I’ve written here many times about buying meat from local farmers and ranchers. Nothing excites me so much in the food world as the day I get the call that my half hog is ready at the processor. I drive the hour or so north east of Denver to pick it up and can’t wait to get home and make pancetta from the pork belly that I always ask them to leave unsmoked and uncured. Unfotunately, this year I arrived to find that they had gone ahead and sliced the pork belly into thick slices and wrapped them as rashers of uncured bacon. Well that stumped me…but only for a minute!I don’t have the means to smoke the bacon (although I would love to try applewood smoking it someday), but I do have a great curing spice mix that I used for my pancetta last year. So I experimented with a single package of the pork belly slices, which is about a pound, rubbed my curing spice blend all over each slice, then stacked them one on top of each other.I wrapped the slices tightly in plastic wrap then put the whole thing in a Ziploc bag to cure in the refrigerator.I figured I would just try a 10-14 day cure like I used for pancetta, and it turns out that was perfect.After the curing, because every single slice is slathered with curing spices which include a ton of salt (both pink and kosher), it’s really critical to rinse them very well and get as much of that off as you can. Normally when making pancetta after rinsing off the curing spice I would hang it to dry inside my spare refrigerator for another 10-14 days, but since the slices are so thin I feared this would overly dry it and leave me with jerky instead of bacon. So instead I laid the rinsed slices on layers of paper towels on a baking sheet, blotted the top with more towels to remove as much moisture as possible, then let it air dry in the refrigerator just overnight. I cooked up one piece to make sure it worked, and it was perfect – so perfect that I gobbled it down with my eggs and forgot to snap a photo of it. So if you find yourself with any fabulous thick sliced pork belly, by all means give this a try.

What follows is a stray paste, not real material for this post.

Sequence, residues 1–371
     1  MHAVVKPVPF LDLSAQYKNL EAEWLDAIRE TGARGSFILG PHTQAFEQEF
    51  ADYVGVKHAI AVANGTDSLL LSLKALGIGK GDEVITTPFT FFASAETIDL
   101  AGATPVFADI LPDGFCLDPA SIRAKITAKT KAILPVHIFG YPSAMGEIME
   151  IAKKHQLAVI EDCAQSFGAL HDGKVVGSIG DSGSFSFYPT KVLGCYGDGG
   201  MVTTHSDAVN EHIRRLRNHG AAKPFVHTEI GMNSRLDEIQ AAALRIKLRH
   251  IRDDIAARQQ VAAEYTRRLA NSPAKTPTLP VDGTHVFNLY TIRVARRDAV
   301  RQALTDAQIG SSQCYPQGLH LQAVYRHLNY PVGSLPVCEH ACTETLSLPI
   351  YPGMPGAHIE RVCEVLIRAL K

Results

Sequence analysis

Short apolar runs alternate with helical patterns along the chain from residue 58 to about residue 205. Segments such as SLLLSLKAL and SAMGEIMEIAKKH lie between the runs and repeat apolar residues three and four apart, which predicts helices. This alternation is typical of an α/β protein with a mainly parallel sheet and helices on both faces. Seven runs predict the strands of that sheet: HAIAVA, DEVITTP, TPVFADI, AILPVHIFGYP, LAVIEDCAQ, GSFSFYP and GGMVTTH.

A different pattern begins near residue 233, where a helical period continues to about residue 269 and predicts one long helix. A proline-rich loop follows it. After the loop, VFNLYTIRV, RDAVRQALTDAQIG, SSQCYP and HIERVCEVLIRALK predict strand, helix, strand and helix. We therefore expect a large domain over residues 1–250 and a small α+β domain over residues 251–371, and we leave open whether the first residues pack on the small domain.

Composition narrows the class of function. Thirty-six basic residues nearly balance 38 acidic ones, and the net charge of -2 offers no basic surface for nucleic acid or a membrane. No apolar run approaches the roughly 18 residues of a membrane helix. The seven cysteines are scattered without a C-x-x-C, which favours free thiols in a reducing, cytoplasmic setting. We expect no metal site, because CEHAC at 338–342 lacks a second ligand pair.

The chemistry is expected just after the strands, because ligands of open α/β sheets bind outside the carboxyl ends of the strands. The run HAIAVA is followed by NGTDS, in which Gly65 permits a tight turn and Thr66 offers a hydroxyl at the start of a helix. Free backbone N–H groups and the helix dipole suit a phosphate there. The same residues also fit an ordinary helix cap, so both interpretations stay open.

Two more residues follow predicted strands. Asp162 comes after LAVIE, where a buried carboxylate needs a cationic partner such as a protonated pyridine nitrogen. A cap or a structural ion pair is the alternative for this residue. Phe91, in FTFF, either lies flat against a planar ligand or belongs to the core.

This recipe was published @ http://cookingwithmichele.com/2012/12/curing-sliced-pork-belly-rashers-of-bacon/
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